What is legionellosis?

Legionellosis is a bacterial disease caused by Legionella pneumophilia. The disease, which may occur in outbreaks or as single cases, can cause mild respiratory illness or pneumonia. The most common form of the disease is known as "Legionnaires' disease."

How common is legionellosis?

It is estimated that about 8,000 to 18,000 people develop legionellosis in the United States each year. An additional unknown number are infected with the Legionella bacterium but have mild symptoms or no illness at all.

In Illinois, between 25 and 50 cases are reported each year.

Why is it called legionellosis?

An outbreak of this disease occurred in Philadelphia in 1976, largely among people attending an American Legion convention; this led to the name "Legionnaires' disease." Subsequently, the bacterium causing the illness was named Legionella and the name of the illness was changed to legionellosis.

Is this a new disease?

No. While the bacterium was only identified following the 1976 convention, earlier cases have been confirmed as far back as 1947 and cases probably occurred before that date.

Where are Legionella found?

Legionella are widely distributed in our environment. They have been found in creeks and ponds, hot and cold water taps (primarily hot water taps), hot water tanks, water in cooling towers and evaporative condensers, and whirlpool spas.

Most people contract the disease by inhaling mist from a water source contaminated with the bacteria. In some cases, the disease may be transmitted by other ways, such as aspirating contaminated water. All studies to date have shown that person-to-person spread does not occur. Outbreaks occur following the exposure of many individuals to a common source of the bacteria in the environment. When a single case occurs, it is extremely difficult to pinpoint a source. Environmental testing is recommended only when multiple cases have the same potential exposure.

How severe is the illness?

Legionellosis can be a mild respiratory illness or it can be severe enough to cause death. Studies have shown that about 5 percent to 30 percent of known cases have been fatal. From 1 percent to 20 percent of healthy adults have antibodies showing previous exposure to the organism, but only a small percentage have a history of previous pneumonia. This suggests that many cases of Legionnaires' disease go undiagnosed.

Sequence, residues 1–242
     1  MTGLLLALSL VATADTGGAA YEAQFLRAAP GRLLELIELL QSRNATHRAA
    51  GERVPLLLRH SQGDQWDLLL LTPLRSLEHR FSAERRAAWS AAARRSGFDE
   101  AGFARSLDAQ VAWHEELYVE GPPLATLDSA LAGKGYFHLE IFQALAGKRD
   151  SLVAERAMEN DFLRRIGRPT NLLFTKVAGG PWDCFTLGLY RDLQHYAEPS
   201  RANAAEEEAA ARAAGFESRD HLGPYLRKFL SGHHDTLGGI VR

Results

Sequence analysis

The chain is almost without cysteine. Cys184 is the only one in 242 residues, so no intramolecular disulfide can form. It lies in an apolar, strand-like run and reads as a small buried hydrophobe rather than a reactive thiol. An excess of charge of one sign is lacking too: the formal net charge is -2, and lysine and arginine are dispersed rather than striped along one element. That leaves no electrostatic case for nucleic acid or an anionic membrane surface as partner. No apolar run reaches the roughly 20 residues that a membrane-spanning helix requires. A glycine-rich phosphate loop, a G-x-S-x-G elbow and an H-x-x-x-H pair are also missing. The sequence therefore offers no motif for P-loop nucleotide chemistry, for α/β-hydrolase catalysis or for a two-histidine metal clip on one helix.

Who gets legionellosis?

People of any age may get Legionnaires' disease, but the disease most often affects middle-aged and older persons, particularly those who smoke heavily. People with underlying illness, such as cancer, kidney disease, diabetes, AIDS, chronic lung disease or heart failure, or who have had an organ transplant also are at higher risk. Individuals who take corticosteroids (e.g., prednisone, azathioprine or cyclosporine) are also at higher risk.

What are the usual symptoms of legionellosis?

The most common symptoms of legionellosis are fever (102 degrees F - 105 degrees F), chills, and a cough (which may be dry or productive). Some patients also have muscle aches, headaches, tiredness, loss of appetite and, occasionally, diarrhea.Chest X-rays usually confirm pneumonia. Legionnaires' disease cannot be distinguished from other causes of pneumonia based on symptoms alone. Special testing is required to establish this diagnosis.

How soon do symptoms occur?

The period between exposure and onset of illness for Legionnaires' disease is two to 10 days, but most often five to six days.

How is legionellosis diagnosed?

Legionellosis usually is diagnosed by one of four methods. The organism can be seen under a microscope in sputum or tissue using special stains. The bacteria also may be cultured from sputum or tissue; this usually takes two to five days. Passing a small lighted tube into the lungs (a procedure called bronchoscopy) or sometimes even an operation may be required to obtain a specimen for staining or culturing. The bacteria also can be detected in the urine. Comparison of blood tests obtained during the illness and several weeks later may be needed to make the diagnosis when other methods are inconclusive or are negative.

What is the treatment for legionellosis?

Antibiotics appear to be effective in treating the disease; erythromycin is currently recommended as the drug of choice. Other drugs are available for patients unable to tolerate erythromycin.

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Illinois Department of Public Health
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Springfield, Illinois 62761
Phone 217-782-4977
Fax 217-782-3987
TTY 800-547-0466
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